Consumer Spotlight: Christy Coughlin
Updated: Jan 13
By: Christy Coughlin
Tell us about yourself.
My name is Christina M. Coughlin, but I go by Christy. I was born in Minot on May 10, 1979 at just 28 weeks (12 weeks early) and weighed only 2 lbs., 14 ounces. Nearly five days later, I had lost almost a pound and the doctors told my parents I was not going to make it through the night. I was then transferred to Minneapolis for care and spent the next 2 ½ months of my life hospitalized.
Following High School graduation, I went to trade school to take culinary classes and I eventually began working as a cook/baker for the Dietary Department at Trinity Health.
Today, I am very active in Special Olympics. I have competed in 5 Special Olympics World Games participating in sports such as volleyball, track and field, downhill skiing, and snowshoeing. In October 2016, I was inducted into the North Dakota Special Olympics Hall of Fame and recognized for my athletic achievements. Special Olympics is my passion and is where I feel most comfortable. Special Olympics has changed my life.
In your own words, what is your disability and how does it affect your life?
I am deaf and have learning disabilities.
What is the story of your disability (when did you acquire your disability, how did it affect your life, your relationships, your living situation).
I was a very quiet baby and eventually my mother noticed something wasn’t quite right. So, she took me to the doctor for a hearing test and I failed the examination. When I was 4 years old, I was fitted for hearing aids in both ears. I received some assistance through speech therapy from preschool through junior high school. Speech therapy helped me learn how to talk, read lips and communicate through American Sign Language. In addition to my hearing issues, I was born with learning disabilities. I worked with a teacher to assist me with school assignments, exams and reading comprehension. Reading was very difficult for me. However, I did well in school, and I always made the honor roll. In 2006, I got a cochlear implant. The implant is truly amazing and well worth it! However, I was criticized/judged by some members of the deaf community, some felt it was an insult to Deaf pride.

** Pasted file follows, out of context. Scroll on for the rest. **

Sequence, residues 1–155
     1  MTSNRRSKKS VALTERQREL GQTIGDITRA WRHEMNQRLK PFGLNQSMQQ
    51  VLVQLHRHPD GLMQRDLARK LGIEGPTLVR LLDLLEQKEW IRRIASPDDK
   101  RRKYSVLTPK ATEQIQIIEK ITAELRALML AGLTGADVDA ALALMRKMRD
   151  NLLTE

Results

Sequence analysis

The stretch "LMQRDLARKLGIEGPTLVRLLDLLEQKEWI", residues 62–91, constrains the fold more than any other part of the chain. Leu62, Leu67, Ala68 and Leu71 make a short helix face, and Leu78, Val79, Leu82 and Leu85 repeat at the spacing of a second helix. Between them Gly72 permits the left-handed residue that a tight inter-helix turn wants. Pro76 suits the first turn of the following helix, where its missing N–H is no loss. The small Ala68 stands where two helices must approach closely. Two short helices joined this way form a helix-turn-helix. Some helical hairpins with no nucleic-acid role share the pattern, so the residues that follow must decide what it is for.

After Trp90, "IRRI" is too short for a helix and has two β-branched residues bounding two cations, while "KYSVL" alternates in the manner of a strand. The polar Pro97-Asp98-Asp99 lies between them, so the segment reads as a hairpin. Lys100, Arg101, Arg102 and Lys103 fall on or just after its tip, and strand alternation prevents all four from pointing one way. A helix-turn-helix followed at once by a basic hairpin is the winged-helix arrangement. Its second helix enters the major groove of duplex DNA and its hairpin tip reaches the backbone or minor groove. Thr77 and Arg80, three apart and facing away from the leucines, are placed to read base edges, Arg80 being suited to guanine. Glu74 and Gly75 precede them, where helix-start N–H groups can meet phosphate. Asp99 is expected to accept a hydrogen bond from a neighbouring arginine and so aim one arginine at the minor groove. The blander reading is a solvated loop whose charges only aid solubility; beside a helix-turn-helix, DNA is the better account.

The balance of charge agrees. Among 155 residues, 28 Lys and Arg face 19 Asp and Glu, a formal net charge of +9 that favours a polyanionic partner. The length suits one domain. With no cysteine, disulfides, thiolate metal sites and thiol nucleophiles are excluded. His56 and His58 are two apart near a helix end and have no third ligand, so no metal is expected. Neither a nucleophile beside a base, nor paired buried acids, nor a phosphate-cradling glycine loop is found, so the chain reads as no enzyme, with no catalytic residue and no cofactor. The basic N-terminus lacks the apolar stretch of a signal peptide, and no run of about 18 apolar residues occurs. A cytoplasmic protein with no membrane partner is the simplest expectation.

What are some of the barriers you have overcome and are most proud of?
One day I had a conversation with my mom in which I said “Mom, I can’t do this” and she told me I had to try. I sometimes find myself wishing I could learn easier or that I could hear out of both of my ears. However, I have learned how to be happy and how to communicate and get by in life. I know I need to look people in the eyes so that I can read their lips. I know I need to take some extra time when I am reading, that is just me being who I am and getting by.
My disability cannot stop my life. I appreciate the fact that I don’t need to hear sounds to be part of the world. My disability is part of who I am and I am very proud to be who I am.
What message would you like to send to other people with disabilities in our community?
I would highly recommend you go to Independence, Inc. as they provide you with so many opportunities to reach your goals and to improve your lives. It is the best place to go.
How has Independence, Inc. benefited your life? They have helped me get involved in volunteering with area youth, access housing and conduct emergency planning exercises. Now, I am a Peer Mentor and a member of the first-ever Community Leadership Academy. I have always been very comfortable with Independence, Inc. because I am a person with a disability and that is who they serve. They have helped me to become more comfortable and more social.